According to church historian Timothy George, Barth could not let go of Calvin. Barth wrestled with Calvin day and night: “More than once what I presented at 7 a.m. was not ready until 3-5 a.m.”
“Calvin is a cataract, a primeval forest, a demonic power, something directly down from Himalaya, absolutely Chinese, strange, mythological; I lack completely the means, the suction cups, even to assimilate this phenomenon, not to speak of presenting it adequately. What I receive is only a thin little stream and what I can then give out again is only a yet thinner extract of this little stream. I could gladly and profitably set myself down and spend all the rest of my life just with Calvin.” (quoted in Theology of the Reformers, pp. 171-2, rev. ed)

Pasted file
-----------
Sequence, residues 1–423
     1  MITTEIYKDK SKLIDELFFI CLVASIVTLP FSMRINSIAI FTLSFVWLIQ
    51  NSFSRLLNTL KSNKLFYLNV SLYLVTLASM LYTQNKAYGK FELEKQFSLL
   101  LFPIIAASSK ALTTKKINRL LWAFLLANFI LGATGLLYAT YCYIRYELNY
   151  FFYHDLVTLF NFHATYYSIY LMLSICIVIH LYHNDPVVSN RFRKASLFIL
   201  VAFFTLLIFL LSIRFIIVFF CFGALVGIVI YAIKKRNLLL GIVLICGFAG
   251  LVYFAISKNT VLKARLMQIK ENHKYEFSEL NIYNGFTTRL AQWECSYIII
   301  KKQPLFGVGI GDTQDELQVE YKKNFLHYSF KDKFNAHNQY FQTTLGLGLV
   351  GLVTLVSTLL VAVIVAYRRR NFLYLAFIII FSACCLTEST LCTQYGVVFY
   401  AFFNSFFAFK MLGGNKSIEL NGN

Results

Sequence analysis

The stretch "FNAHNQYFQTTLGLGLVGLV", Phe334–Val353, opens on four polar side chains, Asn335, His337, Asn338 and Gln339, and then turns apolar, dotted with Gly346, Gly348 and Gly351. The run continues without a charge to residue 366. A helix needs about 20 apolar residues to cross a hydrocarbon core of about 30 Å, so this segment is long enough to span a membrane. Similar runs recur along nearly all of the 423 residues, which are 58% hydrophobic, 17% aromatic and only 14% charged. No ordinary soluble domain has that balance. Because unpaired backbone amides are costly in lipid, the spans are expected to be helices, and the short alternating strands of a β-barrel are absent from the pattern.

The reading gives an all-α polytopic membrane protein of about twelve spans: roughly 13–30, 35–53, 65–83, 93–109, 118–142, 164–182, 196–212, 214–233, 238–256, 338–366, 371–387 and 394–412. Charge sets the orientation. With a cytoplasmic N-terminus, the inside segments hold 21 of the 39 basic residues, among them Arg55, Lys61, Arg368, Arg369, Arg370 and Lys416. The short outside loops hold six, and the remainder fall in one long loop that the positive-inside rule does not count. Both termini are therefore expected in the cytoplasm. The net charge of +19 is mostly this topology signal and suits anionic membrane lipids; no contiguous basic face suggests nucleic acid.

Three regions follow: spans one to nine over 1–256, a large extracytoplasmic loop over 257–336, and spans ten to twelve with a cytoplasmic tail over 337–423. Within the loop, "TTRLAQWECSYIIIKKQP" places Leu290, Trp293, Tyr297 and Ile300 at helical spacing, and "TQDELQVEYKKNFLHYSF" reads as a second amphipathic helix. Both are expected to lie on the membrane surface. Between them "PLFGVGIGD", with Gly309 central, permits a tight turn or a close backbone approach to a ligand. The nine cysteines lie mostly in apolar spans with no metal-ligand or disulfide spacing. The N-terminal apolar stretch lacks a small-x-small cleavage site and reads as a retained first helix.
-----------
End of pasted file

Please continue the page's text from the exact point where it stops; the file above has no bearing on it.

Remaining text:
Such was Karl Barth’s extraordinary estimation of Calvin and his works. He even wrote The Theology of John Calvin (which I’ll like to read someday). At any rate, I’m neither a Calvin scholar not a Barth scholar, but I thought the above worth sharing.